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Can the Transaction Log Tell Us What Happened?

Can the Transaction Log Tell Us What Happened?

In all my years of teaching SQL Server classes and answering questions on public forums, one of the most commonly asked questions has always been “How can I see the information in a database’s transaction log?” Most people asking this question seem to want this information to be able to recover data that was lost due to the infamous "user error." Some people seem to get upset, or even irate, when told that Microsoft doesn't provide a facility for viewing the contents of the log, as if it's their unalienable right to be able to see this information. In my opinion, the log contents are akin to the source code, and buying a license to use the product should in no way guarantee that you'll be able to see exactly how SQL Server does what it does. The log format and its contents are proprietary information; part of the reason for not making this information freely available is that it would expose too much information about the way SQL Server actually works.

If you, or your users, perform an action, you should know what you did. You can prevent unwarranted actions, such as running DELETE operations that remove too many rows, by using triggers or by allowing DELETEs only through carefully coded and tested stored procedures. If you let your users do things they shouldn’t, you’ll need to clean up your own mess. You can also set up custom auditing mechanisms to get the information you want get from the log by using SQL Trace. SQL Server 2008 provides an even richer array of auditing capabilities.

The transaction log is intended for SQL Server’s internal use, such as when performing a rollback operation or restoring data changes that you've captured in a log backup. In addition, the log lets SQL Server protect your database from being corrupted, which could happen if there were a system failure in the middle of a data modification operation. Think of what might happen if the data was updated, but SQL Server hadn't yet updated all the index pointers before the failure occurred. If there were no transaction log recording what changes were being made, SQL Server wouldn't realize upon system restart that the index structures were inconsistent and corrupt. The log lets SQL Server run recovery on system restarts and undo any incomplete operations.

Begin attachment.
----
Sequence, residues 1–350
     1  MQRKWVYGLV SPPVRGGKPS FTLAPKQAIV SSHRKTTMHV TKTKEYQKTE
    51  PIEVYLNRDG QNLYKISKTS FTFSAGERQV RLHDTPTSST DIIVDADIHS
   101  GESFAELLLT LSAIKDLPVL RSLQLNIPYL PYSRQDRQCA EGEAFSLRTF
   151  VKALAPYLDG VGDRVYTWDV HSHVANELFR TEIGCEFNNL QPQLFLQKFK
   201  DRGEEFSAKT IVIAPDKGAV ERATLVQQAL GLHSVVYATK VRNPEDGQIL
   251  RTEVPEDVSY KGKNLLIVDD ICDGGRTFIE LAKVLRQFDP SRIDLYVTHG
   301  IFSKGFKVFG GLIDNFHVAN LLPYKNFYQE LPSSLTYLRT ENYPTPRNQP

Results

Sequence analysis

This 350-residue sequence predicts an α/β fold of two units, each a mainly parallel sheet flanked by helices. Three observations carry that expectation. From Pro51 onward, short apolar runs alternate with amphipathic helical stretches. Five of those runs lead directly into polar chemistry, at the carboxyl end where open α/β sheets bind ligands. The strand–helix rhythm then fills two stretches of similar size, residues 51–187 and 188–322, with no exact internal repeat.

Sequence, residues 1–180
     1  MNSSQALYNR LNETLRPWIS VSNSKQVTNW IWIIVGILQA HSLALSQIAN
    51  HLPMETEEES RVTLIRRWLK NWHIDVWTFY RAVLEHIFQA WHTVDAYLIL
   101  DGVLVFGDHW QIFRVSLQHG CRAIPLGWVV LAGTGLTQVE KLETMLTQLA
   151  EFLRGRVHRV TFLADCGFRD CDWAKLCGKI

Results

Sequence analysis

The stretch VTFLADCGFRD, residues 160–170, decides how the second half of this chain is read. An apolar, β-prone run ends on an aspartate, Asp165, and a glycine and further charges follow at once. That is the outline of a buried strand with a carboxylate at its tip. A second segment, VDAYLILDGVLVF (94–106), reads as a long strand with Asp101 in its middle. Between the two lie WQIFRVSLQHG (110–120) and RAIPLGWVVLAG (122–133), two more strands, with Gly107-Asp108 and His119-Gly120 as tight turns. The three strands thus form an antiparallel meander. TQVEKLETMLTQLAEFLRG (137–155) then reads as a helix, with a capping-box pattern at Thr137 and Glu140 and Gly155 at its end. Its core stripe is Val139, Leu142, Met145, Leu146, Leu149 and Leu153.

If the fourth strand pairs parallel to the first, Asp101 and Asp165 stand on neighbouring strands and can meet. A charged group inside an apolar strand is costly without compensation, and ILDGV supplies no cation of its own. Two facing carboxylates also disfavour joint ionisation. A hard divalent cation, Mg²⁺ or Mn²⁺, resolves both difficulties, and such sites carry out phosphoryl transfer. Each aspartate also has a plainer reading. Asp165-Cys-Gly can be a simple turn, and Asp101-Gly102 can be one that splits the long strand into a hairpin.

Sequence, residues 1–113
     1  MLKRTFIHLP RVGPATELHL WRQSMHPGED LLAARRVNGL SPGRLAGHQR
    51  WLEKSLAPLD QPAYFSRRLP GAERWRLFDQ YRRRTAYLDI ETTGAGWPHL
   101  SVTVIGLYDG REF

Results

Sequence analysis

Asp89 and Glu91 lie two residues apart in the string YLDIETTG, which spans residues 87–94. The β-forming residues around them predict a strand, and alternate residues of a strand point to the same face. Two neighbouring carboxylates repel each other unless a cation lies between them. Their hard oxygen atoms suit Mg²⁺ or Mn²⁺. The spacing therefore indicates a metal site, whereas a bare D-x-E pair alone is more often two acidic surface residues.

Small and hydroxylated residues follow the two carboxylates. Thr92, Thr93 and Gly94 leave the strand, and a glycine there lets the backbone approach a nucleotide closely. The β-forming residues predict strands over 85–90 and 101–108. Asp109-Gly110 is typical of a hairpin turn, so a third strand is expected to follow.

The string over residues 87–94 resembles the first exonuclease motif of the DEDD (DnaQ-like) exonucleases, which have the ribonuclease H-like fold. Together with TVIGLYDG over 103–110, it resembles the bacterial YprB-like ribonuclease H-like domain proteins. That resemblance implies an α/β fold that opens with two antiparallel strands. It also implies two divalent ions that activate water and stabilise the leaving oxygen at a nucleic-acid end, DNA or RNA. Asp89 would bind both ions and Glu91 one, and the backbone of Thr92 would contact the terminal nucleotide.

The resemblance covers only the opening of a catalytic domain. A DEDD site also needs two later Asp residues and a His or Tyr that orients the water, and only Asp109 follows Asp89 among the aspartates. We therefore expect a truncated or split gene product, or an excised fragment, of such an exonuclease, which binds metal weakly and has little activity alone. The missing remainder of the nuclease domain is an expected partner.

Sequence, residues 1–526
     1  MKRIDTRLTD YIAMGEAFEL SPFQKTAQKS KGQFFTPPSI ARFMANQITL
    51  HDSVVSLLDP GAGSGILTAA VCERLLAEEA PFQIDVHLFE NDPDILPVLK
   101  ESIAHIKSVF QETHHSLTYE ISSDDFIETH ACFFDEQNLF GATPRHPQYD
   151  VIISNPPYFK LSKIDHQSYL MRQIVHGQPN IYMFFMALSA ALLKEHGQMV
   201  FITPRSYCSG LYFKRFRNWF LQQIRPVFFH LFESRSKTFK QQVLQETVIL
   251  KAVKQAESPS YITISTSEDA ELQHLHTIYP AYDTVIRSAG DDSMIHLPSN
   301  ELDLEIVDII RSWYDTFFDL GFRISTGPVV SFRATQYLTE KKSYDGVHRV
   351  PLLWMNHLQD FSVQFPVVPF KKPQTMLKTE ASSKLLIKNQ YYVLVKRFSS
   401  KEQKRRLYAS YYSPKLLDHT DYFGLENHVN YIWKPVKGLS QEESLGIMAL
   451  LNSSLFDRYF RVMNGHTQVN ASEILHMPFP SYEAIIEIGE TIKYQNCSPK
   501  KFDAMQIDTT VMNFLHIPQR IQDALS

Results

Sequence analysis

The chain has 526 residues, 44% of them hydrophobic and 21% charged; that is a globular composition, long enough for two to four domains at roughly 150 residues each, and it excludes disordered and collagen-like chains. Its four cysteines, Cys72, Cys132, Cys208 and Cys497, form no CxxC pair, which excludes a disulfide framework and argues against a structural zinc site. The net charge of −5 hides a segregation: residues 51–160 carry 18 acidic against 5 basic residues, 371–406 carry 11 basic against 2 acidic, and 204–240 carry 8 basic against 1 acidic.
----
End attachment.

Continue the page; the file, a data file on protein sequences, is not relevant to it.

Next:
Although Microsoft doesn’t provide you with the ability to read the transaction log, there are third-party products that provide this functionality. The vendors developing these tools based their work on an undocumented command, DBCC LOG, which was initially added to SQL Server to help support providers track down strange system behavior. Back when I worked for product support at Sybase, we used DBCC LOG regularly, and in fact the online Sybase documentation still includes this command.

The first commercial log reader tool, from Lumigent, was actually acquired from a small consulting company that was run by a Sybase consultant. The consultant had written a log reader tool based on his knowledge of DBCC LOG and used this tool in his consulting business. Lumigent acquired the tool and made it commercially available. Other vendors began offering log reader tools, and SQL Server Magazine published a comparative review of the Lumigent and Red Gate Software log reader products in the article "When SQL Server Tool Vendors Compete, DBAs Win."

Looking at the article now, it's not obvious which SQL Server version is being discussed. The structure of the log records and the exact details that are returned with the DBCC LOG command changed substantially between SQL Server 2000 and SQL Server 2005, so any vendor that wrote a tool and examined the results of DBCC LOG would have to completely rewrite their product for SQL Server 2005. Throughout the review, no SQL Server version is mentioned. Finally, at the end of the review, a third log reader tool from ApexSQL is mentioned with the comment that it supports SQL Server 2005, which leads us to assume that Lumigent and Red Gate Software's tools don't support SQL Server 2005. And none of the vendors have announced support for SQL Server 2008. 

So what can you do? You can search the Internet for references to using DBCC LOG and the function that wraps around it: fn_dblog. You can try using the output from one of those commands to get an idea of what has been done to your data. However, your best course of action is to plan ahead, either by preventing unwanted changes before they happen or by defining a trace to your own specifications that you can analyze when needed.

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